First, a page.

Venkat ramanan v: Intriguing session on visualization #gids http://t.co/sezeRP48BM »

Siva Narayanan: Almost nobody is born in august in India! #gids People are fudging birth dates. »

Raj: Thanks #saltmartch for invite such a good speaker. #gids »

ujwala: RT @K2_181: Almost nobody is born in august in India! #gids People are fudging birth dates. »

Vinod Srinivas: @greatindiandev #gids #Anand was at his best in his session on #Visualisation »

Kiran Bhat: Lets get people to SEE data #Gramener #gids »

Sonali Patnaik: #GIDS “lets get people to see data” good session @sanand »

Amol Khanapurkar: Easily the best session at #gids for me by S Anand from http://t.co/1lVuBMpPlW »

isha jain: Amazing facts and awesome session on data visualization by Anand… #gids »

Kashinath Pai. P.: Absolutely mind blowing presentation by s anand #GIDS »

Sundarraj Kaushik: Thanks to Anand S for a marvellous and pertinent presentation at #gids 2014 »

Naresha: @sanand0 Those were amazing visualizations of data. One of the best sessions of #gids. »

Amol Khanapurkar: Data visualization can provide insights that no amount of analytic processing can hope to provide. #gids »

Vijay Singh: Session on big data visualisation was a joy ride #gids »

Mrugen Deshmukh: @Gramener Most entertaining talk yet. by S. Anand #gids »

Kashinath Pai. P.: Wonderful work @greatindiandev . inviting @sanand0 was absolutely amazing. #GIDS »

Sachin: That was an really awesome session on big data visualisation.. Had fun… #gids »

ARAVIND CHEKKALURE: Its reLy gd session by anand on visualizatg Bigdata..but never touch any tools and technologis. DisAptD #gids »

Harpreet Singh: Great session by anand Add visualisation to data to make it information #gids »

Raja Guru T: #gids thing of awesomeness visualization of large data. Lovely session by Anand. Way to go Saltmarch. Loving it. »

Raja Guru T: RT @ujwala: Visualizing big data session is very very interesting. Nicely done. #gids »

Prashanth: #gids data visualization session was amazing »

Subhashish Dutta: At #gids today, awesome visualization of some big data in the Indian context by Anand of Gramener. »

Japesh Thyagarajan: An impressive and fun session from Anand on Visualising Big Data, amazing illustration of Election and Education system , Hats off #GIDS »

Raj: I must say visualization of big data best session of #gids »

Apart from being able to preserve comments, I get to hear of this feedback a lot quicker than on a blog.

What I miss, though, is discoverability. When I blog, search engines index the content for anyone to find. I still get relevant comments on 15-year old blog posts. That, I suspect, will not be the case even for recorded talks.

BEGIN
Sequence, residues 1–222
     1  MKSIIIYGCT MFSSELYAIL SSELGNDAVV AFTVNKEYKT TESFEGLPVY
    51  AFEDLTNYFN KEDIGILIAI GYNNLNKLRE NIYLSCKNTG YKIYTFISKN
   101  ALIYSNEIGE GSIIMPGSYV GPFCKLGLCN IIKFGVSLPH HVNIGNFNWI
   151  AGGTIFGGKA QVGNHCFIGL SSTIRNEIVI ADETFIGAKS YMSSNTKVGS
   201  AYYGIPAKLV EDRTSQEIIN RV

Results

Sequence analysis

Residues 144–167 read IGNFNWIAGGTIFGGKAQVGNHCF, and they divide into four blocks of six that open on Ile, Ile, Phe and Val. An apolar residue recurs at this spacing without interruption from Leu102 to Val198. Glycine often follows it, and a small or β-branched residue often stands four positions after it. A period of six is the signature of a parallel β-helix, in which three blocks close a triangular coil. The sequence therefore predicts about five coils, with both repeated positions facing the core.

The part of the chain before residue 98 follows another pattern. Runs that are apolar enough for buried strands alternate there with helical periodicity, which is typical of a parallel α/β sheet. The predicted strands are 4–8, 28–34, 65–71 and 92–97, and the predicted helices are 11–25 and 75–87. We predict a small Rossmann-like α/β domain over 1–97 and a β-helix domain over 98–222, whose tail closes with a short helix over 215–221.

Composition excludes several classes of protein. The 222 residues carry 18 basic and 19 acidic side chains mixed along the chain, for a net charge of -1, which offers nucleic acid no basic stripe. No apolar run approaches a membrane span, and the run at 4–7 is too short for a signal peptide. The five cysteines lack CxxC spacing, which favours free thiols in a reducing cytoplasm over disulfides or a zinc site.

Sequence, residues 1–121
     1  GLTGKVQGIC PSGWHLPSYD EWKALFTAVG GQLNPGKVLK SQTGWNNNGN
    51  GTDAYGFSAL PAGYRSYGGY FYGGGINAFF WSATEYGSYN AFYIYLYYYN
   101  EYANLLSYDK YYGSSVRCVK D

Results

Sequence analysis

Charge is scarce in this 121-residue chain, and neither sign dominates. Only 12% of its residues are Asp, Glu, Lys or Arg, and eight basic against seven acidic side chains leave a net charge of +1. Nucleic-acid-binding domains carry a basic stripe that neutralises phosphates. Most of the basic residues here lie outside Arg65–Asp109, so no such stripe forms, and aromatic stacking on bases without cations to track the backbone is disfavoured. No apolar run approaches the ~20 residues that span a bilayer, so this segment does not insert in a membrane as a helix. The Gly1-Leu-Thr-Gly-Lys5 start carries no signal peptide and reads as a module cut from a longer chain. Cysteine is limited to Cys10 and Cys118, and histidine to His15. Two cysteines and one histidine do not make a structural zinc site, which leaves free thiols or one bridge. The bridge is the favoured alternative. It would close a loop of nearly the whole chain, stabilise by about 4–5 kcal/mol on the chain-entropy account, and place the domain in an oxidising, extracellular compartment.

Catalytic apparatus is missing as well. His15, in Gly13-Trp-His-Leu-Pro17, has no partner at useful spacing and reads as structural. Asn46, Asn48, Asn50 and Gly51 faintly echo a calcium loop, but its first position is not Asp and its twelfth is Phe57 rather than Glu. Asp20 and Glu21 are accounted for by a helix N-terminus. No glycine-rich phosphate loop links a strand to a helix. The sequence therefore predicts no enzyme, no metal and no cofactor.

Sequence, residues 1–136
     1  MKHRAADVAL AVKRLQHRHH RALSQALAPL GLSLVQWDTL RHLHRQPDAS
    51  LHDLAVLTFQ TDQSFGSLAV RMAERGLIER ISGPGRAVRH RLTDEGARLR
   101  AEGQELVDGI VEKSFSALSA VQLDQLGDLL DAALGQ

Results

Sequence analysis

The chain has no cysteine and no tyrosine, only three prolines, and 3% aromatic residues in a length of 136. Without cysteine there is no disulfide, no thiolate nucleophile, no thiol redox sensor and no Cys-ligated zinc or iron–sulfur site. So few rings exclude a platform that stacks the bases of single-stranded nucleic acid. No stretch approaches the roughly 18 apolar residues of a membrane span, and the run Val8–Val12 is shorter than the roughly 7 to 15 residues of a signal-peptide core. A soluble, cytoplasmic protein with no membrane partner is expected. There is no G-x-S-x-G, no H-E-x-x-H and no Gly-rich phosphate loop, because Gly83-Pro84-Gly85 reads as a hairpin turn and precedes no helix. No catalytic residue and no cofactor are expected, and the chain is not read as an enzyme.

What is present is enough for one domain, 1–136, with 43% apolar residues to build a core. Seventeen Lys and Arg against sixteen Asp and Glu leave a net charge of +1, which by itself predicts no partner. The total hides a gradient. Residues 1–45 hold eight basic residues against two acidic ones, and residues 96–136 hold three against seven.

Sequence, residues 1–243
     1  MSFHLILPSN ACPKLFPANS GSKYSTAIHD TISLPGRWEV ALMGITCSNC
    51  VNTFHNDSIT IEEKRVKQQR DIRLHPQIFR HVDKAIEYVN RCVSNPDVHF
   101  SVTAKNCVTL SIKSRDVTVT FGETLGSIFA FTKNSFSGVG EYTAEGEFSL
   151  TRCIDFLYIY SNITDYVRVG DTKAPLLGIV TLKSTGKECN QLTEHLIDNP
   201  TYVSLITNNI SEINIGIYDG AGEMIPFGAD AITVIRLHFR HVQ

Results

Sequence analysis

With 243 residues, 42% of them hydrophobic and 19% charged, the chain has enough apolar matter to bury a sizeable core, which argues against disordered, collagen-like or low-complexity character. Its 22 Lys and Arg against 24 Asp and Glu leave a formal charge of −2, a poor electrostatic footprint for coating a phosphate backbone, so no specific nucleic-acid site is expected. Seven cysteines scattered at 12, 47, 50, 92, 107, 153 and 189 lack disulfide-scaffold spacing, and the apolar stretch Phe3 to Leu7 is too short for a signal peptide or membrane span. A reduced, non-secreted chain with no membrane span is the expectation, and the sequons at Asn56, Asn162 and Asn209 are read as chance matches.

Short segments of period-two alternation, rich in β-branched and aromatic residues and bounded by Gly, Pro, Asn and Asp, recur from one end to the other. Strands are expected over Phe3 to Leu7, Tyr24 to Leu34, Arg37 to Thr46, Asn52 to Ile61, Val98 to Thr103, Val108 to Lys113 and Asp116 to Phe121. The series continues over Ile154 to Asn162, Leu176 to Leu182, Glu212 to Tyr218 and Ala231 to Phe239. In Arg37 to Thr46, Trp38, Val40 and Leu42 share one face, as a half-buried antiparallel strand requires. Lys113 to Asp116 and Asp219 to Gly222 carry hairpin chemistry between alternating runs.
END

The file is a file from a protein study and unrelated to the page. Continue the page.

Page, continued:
But in any case, I’m afraid I will continue blogging less and speaking more over the course of the next few years. Please bear with me until then!

A utilitarian’s apology

A couple of years ago, my HTC Explorer’s screen died. I bought a Micromax A50. This triggered a series of reactions prompting this post.

I have many defects. Like most men, I can’t tell colours apart – like the difference between pink and purple – and am constantly corrected by my six-year-old. I can’t hear two people at the same time – or even in-between each other. I can’t find things outside of my narrow field of vision. I can’t recognise faces, and need at least three one-on-one interactions before I place people. (If you ask me “Do you recognise me?” and I say “Yes, of course!”, I’m usually lying.) I can’t place voices on the phone. My memory is terrible – my wife’s learnt to make me write errands on my laptop. I cannot identify cars – in fact, I couldn’t drive until recently.

I also lack a fashion sense, despite being a keen student of design. I can understand rules of thumb, like how large line heights should be, or why high saturation colours are jarring. I can even give passable judgement on the quality of clothing.

The trouble is, I don’t see much value in it. I’m a utilitarian.

This post is an apology from all utilitarians like me. We’re sorry – we just don’t see the the point of a Mont Blanc pen or a Cartier watch. Our Bic pens and digital watches work just as well. We’re not saying you shouldn’t buy them. It’s just that we don’t understand why you would.

This is not an argument against expensive items. I bought the iPod and loved it. Same with the iPhone 4. I have two iPads. I’m fairly picky about the earphones I buy. The thing is, the reason I buy these is because there’s a value that matches the price. Where I don’t see the value, that’s just throwing money away.

So that’s why I travel in buses or autos. I can work on my laptop while someone else drives. That’s why I walk or climb stairs. I get to lose weight without wasting time at a gym. That’s why I don’t wear a watch and don’t subscribe to newspapers or TV.

For my non-utilitarian friends out there, this is from us utilitarians. Please forgive us. We don’t see the value.